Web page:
Avoiding Misinterpretations of the 'Third Board'
The State Council announced on December 14 an expansion of its over-the-counter (OTC) market, a share transfer system for small and medium-sized enterprises (SMEs), further revealing China's efforts to build a multilevel capital market.
Yet, there are still some misconceptions on the OTC market, also known as the New Third Board.
Firstly, some people think that the third board is another stock exchange alongside the Shanghai and Shenzhen stock exchanges due to the fact that it has been clearly designated as the third national stock exchange. However, as opposed to investment outlets for both ordinary people and institutions, the New Third Board is geared toward institutional investors. In this sense, the expansion doesn't have anything to do with attracting common investors to trade stocks like the Shanghai and Shenzhen stock exchanges, but allowing qualified enterprises to get listed on the New Third Board.
Secondly, it is worth mentioning that the New Third Board is designed to facilitate direct financing and capital withdrawal for SMEs, rather than providing a trading place for stock investors.
As an OTC market, it lags behind the Shanghai and Shenzhen stock exchanges in terms of liquidity. Since companies listed on the New Third Board are exposed to more risks, they should not have liquidity equal to public companies. Similar cases can be seen in more developed markets. In the United States, enormous enterprises are traded in an OTC market with poor liquidity, and only a few of them eventually achieve success in building up their strength there.
It's ridiculous to believe the expansion of the New Third Board means more active stock transactions and more capital investment. Given the original intention of its establishment and international conventions, the New Third Board doesn't aim to stimulate transactions, for it can only attract venture capital investment that has a high-risk tolerance, rather than short- and medium-term funds which account for the bulk of trading on the Shanghai and Shenzhen stock exchanges. This explains why the expansion will not compete with the main board.
Lastly, the expansion has been mistakenly taken as a blow to the ChiNext, the growth enterprise board. Some people believe that when large numbers of enterprises transfer their stock listings to ChiNext, share prices will inevitably drop. Indeed, the New Third Board is considered an incubator for innovative businesses. Enterprises listed on the board will naturally head toward the goal of being listed on ChiNext or SME board. Nonetheless, the New Third Board will not impose pressures on the other two boards. Theoretically, as long as the market forces are dominant, the expansion of the ChiNext and SME board will not be affected by the New Third Board.
Misunderstandings about the New Third Board may lead to irregularities on the stock market. Therefore, to better cope with the prospective expansion of the New Third Board, the public should develop a correct understanding of it.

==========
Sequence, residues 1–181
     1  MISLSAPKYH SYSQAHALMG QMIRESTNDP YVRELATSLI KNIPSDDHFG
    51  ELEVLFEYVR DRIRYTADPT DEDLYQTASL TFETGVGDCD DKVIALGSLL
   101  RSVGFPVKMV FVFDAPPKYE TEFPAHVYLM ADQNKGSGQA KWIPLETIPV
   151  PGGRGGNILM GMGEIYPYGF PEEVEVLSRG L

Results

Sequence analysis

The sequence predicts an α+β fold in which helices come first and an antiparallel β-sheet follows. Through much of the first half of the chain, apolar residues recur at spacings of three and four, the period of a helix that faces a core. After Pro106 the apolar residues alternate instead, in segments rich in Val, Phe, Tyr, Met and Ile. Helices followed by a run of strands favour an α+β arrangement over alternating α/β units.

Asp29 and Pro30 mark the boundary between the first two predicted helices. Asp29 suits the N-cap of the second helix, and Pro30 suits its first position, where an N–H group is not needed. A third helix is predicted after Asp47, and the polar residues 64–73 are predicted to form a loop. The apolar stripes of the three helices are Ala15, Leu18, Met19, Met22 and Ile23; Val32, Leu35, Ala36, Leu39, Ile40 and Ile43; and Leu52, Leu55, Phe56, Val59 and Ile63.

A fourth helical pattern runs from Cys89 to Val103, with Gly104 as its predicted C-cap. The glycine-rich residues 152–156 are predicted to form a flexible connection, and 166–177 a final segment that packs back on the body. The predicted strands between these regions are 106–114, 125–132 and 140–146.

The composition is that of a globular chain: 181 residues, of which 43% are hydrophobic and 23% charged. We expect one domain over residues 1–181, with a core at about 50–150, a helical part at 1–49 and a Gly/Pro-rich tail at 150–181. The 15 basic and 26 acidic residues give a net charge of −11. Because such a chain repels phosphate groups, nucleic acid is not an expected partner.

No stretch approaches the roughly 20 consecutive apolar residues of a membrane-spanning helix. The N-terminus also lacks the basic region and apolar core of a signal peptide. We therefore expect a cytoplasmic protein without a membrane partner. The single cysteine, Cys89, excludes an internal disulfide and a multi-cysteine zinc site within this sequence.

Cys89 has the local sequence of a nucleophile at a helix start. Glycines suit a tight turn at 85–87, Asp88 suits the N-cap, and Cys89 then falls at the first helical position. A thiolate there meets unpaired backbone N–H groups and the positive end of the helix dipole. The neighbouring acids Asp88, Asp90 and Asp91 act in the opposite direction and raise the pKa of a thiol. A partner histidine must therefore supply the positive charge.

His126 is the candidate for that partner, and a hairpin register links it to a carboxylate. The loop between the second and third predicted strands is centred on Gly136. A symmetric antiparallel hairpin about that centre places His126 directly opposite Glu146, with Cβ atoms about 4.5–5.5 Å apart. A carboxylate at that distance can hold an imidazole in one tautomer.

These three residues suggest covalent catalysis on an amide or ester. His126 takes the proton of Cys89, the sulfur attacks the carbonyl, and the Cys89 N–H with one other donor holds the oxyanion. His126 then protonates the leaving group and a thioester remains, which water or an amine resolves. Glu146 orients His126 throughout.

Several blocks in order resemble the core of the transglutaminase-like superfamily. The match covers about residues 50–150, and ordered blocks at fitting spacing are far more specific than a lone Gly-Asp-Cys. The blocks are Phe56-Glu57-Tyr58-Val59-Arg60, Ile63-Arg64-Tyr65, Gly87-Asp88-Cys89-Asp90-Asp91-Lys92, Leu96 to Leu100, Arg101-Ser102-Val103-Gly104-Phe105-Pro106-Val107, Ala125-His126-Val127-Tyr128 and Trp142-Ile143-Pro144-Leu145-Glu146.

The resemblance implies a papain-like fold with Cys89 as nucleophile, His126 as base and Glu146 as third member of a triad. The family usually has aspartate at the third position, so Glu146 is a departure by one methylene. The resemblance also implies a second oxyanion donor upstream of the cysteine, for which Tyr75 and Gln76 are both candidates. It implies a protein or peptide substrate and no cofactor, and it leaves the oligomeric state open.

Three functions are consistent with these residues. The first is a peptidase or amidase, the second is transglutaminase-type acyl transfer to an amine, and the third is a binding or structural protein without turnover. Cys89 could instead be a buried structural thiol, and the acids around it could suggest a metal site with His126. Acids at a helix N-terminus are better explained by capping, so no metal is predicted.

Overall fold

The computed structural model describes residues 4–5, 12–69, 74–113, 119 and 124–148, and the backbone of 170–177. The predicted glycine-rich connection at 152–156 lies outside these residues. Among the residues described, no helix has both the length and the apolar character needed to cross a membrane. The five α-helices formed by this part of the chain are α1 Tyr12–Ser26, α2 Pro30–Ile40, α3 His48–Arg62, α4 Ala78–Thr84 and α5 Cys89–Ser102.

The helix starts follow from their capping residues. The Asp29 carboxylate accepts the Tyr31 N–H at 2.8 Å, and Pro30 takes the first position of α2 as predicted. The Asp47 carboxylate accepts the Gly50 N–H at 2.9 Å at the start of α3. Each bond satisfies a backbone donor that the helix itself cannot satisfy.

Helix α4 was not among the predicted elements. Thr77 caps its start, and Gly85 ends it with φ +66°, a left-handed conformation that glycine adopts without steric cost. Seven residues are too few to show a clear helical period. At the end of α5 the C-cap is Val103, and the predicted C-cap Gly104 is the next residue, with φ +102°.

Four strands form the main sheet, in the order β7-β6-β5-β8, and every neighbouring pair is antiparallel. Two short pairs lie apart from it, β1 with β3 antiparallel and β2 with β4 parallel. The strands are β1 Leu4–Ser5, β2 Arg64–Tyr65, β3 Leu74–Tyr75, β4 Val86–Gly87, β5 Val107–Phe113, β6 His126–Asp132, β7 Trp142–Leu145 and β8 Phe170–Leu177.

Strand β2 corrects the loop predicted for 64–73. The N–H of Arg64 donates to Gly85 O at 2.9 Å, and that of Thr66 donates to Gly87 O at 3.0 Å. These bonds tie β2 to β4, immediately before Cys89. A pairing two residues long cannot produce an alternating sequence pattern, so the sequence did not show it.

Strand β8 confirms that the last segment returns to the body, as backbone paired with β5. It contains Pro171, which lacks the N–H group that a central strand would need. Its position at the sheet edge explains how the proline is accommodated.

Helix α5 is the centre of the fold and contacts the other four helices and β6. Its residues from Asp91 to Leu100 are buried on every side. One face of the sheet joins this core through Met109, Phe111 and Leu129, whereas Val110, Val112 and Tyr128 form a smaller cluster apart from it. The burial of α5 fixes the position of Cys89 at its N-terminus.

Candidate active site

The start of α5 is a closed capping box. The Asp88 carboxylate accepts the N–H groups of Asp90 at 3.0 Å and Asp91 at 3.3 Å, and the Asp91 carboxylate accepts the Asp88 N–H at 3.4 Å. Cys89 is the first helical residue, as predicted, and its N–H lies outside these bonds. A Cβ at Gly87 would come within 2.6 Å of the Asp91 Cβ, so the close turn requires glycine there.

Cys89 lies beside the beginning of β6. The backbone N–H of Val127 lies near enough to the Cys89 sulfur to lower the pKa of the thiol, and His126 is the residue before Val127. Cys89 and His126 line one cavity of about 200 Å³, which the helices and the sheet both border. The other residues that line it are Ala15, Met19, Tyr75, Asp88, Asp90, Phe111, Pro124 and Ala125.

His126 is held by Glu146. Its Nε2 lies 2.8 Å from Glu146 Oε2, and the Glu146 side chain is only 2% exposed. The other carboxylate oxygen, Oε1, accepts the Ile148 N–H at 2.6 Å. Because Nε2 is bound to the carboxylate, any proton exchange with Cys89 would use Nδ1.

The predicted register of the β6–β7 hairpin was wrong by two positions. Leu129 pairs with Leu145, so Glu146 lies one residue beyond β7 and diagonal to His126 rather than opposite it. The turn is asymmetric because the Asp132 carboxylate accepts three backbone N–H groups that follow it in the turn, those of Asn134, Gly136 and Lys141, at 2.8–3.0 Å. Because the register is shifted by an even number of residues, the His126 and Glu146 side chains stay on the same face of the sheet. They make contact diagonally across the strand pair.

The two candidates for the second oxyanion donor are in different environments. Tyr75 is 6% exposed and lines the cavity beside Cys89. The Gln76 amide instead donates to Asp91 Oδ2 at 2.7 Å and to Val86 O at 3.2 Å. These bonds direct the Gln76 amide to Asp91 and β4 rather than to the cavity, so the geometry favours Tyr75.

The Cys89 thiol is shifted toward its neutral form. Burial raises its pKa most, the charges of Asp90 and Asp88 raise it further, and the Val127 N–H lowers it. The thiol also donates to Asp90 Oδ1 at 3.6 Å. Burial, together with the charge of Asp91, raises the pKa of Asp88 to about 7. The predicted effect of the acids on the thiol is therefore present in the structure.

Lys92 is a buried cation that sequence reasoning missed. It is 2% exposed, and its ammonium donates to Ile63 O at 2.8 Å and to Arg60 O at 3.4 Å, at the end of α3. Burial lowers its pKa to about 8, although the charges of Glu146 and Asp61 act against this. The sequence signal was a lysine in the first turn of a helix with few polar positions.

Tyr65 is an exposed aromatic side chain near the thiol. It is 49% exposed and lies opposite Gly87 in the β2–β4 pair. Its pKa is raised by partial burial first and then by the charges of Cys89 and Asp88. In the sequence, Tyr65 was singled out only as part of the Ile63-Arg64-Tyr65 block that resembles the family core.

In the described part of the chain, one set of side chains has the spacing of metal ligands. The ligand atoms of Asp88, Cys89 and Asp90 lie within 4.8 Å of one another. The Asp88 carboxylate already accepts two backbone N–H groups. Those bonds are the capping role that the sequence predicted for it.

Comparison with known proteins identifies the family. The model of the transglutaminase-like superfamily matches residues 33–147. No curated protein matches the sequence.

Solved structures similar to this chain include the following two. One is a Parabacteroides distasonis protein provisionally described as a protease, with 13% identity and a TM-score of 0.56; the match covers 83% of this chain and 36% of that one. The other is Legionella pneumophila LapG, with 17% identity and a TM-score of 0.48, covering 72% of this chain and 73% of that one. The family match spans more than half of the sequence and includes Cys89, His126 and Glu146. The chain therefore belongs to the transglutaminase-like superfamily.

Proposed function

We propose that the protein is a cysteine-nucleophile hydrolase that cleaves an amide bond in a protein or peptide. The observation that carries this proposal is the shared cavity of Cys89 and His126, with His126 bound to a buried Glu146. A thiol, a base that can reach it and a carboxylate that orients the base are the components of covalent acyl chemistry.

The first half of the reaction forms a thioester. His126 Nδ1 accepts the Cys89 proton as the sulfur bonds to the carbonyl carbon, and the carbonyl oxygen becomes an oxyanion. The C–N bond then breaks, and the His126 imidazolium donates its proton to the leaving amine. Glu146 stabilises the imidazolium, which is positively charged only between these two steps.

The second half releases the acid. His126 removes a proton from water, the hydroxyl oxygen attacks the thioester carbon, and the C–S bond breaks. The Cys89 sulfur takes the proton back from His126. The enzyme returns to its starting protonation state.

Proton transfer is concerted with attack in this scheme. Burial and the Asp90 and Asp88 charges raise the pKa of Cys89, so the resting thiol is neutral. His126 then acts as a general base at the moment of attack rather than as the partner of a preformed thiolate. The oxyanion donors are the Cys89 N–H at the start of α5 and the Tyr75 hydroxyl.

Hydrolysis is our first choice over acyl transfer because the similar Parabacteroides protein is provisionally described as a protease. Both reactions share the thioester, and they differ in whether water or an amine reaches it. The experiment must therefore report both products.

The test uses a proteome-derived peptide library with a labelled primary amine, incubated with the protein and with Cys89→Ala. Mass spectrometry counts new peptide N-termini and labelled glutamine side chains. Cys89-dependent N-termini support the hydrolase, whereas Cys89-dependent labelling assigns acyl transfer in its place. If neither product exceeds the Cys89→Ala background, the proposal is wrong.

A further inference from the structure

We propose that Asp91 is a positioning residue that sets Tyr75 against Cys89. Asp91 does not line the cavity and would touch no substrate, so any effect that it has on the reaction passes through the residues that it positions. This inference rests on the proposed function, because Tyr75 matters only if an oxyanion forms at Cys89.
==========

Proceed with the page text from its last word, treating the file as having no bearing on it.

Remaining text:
This is an edited excerpt of an article by Gui Haoming, Market Research Director of SWS Research Co. Ltd., originally published in National Business Daily
Shoring up Confidence
Central Huijin Investment Ltd., a state-owned investment company, increased its stake in China's four largest state-owned commercial banks, in a move to boost the flagging stock market.
The banks filed statements to the Shanghai Stock Exchange on December 16.
The Industrial and Commercial Bank of China revealed that Central Huijin had purchased 175 million A-shares in the bank by December 12, about 0.05 percent of its capital stock. Huijin's share in the bank is now 35.36 percent.
China Construction Bank stated Huijin had purchased 103 million A-shares of its bank by December 12, accounting for 0.04 percent of its capital stock, bringing Huijin's share in the bank up to 57.26 percent.
The Bank of China announced Huijin had bought 113 million of its A-shares, or 0.04 percent of its capital stock, making Huijin's share account for 67.75 percent.
The Agricultural Bank of China stated Huijin had purchased 179 million of its A-shares, or 0.06 percent of its capital stock. This brings Huijin's total share in the bank up to 40.28 percent.
Chinese banks purchased foreign exchanges (forex) worth $164.7 billion in November while selling $128.1 billion, for a surplus of $36.6 billion.
It marked the fourth month of surplus since August, after a deficit in June and July, according to the State Administration of Foreign Exchange.
Analysts attributed the surplus to the growth of the economy, appreciation of the yuan and delay of the U.S. Federal Reserve's gradual tapering of quantitative easing.
Foreign exchange transactions are a major cause of fluctuation in China's foreign exchange reserves, and the November surplus indicates a slowing outflow of foreign capital.
In the January-November period, forex purchases stood at $1.7 trillion and sales, $1.46 trillion, with a surplus of $239.2 billion.
Total sales for passenger vehicles in China from January to November, up 15.1 percent year on year
Number of passenger vehicles sold by Chinese brands in November, up 0.6 percent and accounting for 28.85 percent of total automobile sales
Number of vehicles sold by the country's top five carmakers in November
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